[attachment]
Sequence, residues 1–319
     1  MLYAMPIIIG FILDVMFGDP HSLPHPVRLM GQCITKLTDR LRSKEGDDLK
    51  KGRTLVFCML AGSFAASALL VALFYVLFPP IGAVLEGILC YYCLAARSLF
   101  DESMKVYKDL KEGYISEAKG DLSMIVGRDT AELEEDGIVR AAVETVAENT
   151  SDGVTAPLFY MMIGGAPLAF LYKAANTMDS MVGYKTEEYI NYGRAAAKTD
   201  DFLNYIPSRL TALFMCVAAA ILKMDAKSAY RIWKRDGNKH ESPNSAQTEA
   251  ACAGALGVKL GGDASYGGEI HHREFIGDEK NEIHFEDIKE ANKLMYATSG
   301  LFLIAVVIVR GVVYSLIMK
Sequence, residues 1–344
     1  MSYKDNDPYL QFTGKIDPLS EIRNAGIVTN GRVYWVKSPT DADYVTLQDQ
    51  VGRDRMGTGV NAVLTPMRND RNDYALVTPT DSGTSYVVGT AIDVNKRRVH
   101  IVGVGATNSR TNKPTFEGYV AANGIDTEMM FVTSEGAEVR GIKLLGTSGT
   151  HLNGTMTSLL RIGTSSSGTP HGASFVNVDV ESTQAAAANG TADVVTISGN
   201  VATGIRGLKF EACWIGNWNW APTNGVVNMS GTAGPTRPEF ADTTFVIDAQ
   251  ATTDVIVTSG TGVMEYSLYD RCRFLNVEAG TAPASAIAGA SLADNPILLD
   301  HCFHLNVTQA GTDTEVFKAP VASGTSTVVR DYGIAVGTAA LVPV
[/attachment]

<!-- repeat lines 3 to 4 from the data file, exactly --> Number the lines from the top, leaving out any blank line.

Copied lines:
    51  KGRTLVFCML AGSFAASALL VALFYVLFPP IGAVLEGILC YYCLAARSLF
   101  DESMKVYKDL KEGYISEAKG DLSMIVGRDT AELEEDGIVR AAVETVAENT